In older times the troubling relationship was between humans and animals. Humans tried to say they were NOT animals, not vulnerable edible meat, but rather something superior whether through mind or soul. Or magic. Or trickiness. BUT it was then possible to conceive of someone who could shape-shift in and out of being an animal or someone like Circe in the Odyssey, who could force people to shape-shift in and out of an animal. Some cultures, like Native Americans, enlist the aid of animals and identify with the qualities of one sort of animal, taking dream guidance from them. These stories are still in the realm of good and evil.
Concern about animal-being gives us the werewolf or possibly the vampire. But these shapes are flesh-eaters, humans who have taken the form of predators. (Strange to think about our love of predators, our sexualization of being consumed.) A little farther out are the windigo (the personification of starvation/predation) and the skin-walker. The only story I’ve ever heard of a windigo turning good was one Joe Bruchac told the junior high in Browning years ago. It was about a loving young mother who fed the windigo enough soup to make it human. A female Messiah whose power of good, defined as nourishment, was able to convert the windigo into a human. Another figure on the “evil” side is the skinwalker.
Do you doubt the reality of the windigo? Consider the case of the bus passenger in Canada who decapitated and ate the man next to him. Consider the cannibal in Great Falls who ate little boys. Consider the recent story of the mother in the paper recently who killed and ate her own baby. There is something in the human brain that can lose the category of “human being” and go entirely outside any human context.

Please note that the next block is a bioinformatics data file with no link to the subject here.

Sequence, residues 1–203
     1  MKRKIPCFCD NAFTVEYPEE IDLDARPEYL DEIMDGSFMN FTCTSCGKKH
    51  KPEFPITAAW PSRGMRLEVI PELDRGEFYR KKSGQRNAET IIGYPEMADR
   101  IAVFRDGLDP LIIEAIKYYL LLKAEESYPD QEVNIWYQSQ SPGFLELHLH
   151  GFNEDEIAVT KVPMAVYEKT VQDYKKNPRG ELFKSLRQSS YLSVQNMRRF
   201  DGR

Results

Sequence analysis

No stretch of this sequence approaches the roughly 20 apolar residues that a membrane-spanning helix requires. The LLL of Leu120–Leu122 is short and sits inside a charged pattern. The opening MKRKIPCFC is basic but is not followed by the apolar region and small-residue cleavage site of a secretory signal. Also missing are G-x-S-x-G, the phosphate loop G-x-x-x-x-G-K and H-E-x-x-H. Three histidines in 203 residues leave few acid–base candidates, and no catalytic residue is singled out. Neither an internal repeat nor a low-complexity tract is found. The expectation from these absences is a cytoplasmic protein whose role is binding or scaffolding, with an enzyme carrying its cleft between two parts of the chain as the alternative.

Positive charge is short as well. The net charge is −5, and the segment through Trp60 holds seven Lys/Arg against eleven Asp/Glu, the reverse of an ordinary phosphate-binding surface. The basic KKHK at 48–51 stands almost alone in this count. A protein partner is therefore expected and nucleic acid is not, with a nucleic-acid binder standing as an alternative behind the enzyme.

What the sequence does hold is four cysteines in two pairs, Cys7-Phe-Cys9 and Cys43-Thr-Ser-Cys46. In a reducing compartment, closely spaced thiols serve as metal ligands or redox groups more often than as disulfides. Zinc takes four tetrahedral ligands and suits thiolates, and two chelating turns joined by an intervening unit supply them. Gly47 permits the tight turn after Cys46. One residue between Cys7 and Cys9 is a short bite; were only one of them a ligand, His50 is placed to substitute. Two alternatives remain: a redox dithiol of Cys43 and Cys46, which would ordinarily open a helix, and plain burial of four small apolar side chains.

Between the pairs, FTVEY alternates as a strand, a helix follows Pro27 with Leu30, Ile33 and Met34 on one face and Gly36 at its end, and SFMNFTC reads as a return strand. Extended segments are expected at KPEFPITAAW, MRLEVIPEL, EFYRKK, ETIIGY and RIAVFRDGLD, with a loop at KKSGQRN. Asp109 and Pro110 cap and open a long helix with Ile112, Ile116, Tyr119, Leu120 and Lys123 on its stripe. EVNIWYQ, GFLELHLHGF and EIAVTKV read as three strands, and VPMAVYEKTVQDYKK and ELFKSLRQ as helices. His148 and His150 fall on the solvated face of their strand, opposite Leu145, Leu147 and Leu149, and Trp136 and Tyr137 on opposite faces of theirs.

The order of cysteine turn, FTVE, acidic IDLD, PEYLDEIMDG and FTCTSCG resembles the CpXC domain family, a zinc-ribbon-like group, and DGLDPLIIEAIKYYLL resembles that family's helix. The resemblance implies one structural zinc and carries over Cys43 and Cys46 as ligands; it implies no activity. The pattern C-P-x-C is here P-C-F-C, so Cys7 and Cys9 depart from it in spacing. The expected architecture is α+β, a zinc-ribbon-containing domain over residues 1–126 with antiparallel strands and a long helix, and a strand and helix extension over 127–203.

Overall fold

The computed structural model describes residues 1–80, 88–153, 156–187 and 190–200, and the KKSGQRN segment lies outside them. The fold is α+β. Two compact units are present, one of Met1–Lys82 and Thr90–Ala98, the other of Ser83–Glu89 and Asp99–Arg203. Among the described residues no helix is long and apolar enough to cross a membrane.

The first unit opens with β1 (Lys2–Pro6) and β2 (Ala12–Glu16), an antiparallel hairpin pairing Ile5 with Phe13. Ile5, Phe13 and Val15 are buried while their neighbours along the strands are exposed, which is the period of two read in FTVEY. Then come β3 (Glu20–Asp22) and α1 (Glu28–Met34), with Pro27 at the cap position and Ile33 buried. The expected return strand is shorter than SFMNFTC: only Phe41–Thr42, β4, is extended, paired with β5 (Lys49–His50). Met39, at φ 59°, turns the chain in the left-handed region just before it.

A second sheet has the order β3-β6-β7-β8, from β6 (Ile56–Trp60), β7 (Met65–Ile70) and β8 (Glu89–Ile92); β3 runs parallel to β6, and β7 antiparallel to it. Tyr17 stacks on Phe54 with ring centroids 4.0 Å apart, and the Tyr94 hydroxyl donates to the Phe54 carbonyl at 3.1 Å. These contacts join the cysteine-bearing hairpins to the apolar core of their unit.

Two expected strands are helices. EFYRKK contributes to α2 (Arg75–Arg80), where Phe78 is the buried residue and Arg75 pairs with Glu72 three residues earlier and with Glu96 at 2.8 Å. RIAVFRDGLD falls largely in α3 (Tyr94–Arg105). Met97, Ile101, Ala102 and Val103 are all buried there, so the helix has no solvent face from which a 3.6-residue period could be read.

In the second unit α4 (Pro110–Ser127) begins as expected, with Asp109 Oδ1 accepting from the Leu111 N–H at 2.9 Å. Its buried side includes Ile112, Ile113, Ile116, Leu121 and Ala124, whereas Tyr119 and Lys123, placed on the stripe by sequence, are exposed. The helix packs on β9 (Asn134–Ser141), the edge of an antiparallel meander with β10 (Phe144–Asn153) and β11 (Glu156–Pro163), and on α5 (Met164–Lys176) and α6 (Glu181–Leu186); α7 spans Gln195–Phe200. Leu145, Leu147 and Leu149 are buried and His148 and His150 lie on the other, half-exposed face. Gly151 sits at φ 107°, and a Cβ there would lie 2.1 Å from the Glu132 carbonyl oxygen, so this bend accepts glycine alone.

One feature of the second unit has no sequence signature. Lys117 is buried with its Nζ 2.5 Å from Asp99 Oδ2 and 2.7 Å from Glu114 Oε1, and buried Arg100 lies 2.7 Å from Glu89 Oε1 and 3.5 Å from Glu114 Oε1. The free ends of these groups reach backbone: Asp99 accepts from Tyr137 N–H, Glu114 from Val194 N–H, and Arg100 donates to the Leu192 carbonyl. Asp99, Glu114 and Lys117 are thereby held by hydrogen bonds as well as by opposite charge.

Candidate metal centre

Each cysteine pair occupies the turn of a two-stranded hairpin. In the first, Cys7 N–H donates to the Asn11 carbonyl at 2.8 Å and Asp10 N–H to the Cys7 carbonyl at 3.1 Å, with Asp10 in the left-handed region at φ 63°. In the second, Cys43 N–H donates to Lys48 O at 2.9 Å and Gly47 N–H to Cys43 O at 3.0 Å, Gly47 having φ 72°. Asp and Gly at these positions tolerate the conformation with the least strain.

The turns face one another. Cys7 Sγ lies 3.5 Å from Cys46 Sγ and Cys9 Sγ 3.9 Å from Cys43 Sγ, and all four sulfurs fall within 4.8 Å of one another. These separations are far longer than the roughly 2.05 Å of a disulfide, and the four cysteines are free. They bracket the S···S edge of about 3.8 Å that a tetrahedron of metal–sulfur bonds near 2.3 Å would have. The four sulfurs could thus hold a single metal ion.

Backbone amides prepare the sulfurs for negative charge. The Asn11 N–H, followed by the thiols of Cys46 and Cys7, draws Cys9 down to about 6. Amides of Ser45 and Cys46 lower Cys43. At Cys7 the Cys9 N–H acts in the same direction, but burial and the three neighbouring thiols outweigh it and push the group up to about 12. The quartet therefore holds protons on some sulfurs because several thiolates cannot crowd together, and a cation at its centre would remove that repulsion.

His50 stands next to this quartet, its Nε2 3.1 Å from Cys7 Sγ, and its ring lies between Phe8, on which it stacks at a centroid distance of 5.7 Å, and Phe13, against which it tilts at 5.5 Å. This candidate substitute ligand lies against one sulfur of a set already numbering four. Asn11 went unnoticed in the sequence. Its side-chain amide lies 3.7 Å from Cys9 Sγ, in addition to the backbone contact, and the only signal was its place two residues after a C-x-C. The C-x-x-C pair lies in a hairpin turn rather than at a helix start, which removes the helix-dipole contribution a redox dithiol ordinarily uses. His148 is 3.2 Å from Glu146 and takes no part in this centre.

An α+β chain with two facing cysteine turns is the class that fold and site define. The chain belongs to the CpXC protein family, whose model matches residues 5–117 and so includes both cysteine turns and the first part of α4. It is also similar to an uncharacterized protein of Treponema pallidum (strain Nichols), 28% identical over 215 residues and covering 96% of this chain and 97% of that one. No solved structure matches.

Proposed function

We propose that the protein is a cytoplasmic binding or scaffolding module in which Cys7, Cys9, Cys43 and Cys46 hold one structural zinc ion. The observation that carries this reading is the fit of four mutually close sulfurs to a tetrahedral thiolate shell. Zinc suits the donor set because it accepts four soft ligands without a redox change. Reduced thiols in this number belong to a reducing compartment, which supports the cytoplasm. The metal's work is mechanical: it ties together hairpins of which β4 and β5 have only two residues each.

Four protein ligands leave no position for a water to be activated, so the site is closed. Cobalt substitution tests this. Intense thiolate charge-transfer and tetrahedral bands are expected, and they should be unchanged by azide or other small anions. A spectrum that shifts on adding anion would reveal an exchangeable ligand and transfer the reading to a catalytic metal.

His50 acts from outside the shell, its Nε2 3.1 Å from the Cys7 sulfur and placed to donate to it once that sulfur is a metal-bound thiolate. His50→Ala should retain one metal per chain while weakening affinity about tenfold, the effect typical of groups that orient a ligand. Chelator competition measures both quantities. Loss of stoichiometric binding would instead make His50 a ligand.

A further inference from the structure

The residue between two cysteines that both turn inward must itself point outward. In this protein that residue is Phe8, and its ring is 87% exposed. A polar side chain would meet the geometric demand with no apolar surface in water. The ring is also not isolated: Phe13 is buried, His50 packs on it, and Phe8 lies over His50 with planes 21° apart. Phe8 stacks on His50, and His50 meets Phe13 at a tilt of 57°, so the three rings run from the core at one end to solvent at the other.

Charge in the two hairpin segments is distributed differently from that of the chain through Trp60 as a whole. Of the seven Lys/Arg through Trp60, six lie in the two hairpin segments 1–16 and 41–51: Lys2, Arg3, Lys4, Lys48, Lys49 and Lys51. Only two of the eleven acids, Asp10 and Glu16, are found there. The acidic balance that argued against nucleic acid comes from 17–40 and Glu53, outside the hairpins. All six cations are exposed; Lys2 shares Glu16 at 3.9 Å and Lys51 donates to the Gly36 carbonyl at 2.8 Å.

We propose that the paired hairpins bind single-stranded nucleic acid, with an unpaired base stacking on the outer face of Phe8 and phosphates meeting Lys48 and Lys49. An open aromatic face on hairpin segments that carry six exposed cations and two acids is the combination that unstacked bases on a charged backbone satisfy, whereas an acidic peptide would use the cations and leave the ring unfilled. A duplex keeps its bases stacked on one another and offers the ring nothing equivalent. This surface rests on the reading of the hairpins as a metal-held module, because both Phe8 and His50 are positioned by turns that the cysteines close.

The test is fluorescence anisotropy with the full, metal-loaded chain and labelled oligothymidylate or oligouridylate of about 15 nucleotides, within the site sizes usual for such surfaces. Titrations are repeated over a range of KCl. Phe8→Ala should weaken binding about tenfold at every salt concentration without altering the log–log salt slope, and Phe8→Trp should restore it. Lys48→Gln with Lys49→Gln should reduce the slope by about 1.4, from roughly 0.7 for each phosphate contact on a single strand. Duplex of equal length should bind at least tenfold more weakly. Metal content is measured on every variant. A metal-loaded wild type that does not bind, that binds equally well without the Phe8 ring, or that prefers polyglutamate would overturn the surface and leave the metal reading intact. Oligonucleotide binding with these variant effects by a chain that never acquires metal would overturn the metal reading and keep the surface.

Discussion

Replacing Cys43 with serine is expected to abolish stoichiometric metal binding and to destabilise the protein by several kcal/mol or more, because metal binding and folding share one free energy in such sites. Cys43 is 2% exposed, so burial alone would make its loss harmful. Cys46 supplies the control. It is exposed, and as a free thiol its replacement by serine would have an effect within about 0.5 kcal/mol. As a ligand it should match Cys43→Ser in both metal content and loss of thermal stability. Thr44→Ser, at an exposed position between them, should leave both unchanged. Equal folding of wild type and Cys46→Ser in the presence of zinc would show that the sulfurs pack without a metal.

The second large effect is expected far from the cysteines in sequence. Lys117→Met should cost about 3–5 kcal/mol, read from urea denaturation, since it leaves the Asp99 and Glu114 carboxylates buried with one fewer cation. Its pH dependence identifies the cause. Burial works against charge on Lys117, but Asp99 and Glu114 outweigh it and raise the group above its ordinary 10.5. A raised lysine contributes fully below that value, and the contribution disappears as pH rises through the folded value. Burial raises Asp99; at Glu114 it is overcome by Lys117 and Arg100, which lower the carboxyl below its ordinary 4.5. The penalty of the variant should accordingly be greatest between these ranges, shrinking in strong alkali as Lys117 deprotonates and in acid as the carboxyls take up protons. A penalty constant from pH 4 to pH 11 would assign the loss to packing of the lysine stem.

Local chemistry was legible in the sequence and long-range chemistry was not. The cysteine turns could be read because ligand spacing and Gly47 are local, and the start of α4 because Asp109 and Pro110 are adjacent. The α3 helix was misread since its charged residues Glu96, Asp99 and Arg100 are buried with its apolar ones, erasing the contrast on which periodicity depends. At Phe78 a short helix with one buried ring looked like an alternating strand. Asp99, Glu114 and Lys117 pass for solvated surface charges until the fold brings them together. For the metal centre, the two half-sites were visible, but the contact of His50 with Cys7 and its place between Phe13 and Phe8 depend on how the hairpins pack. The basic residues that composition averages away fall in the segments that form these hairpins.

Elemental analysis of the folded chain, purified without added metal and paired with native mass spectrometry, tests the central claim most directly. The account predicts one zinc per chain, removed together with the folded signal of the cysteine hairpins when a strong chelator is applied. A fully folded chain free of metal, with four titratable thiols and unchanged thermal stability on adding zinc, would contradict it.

More recent than the tension between human and animal, or human and machine, is between the human per se and the human mind, the struggle to tell “reality” from “illusion” regardless of whether they work anthropocentrically for good or evil. Pogo’s principle, “we have found the enemy and it is us,” is one thing. Now I want to bring up the possibility of parallel universes, the reality of insanity (we do not hold insane people accountable morally in the usual way) and the idea that in the cosmic scheme of things we are just a bit of fuzz on a tiny planet far from the center. This what the crawling baby Krishna reveals when his mother looks into his mouth. Infinity.
Some people have been so endangered in their lives, sometimes beginning in infancy, that they feel they must constantly fight to keep their existence alive, like fighting to keep a flame burning or fighting against a shrinking habitat niche. They are so aware of temporariness and smallness and possibly have seen so many people snuffed by deprivation, starvation, that they yearn to call down the power from that other realm. They may become tricksters in an effort to elude destruction. They do not purposely do good or evil, do not seek power over others, evade all institutions that seek to capture them, and often work as poets rather than scientists, though if a person gets far enough out into deep ecology and theoretical physics, it’s hard to tell poetry from the logic and math. It’s hard to tell madness from insight. It's not about good and evil. It's about being and nonbeing.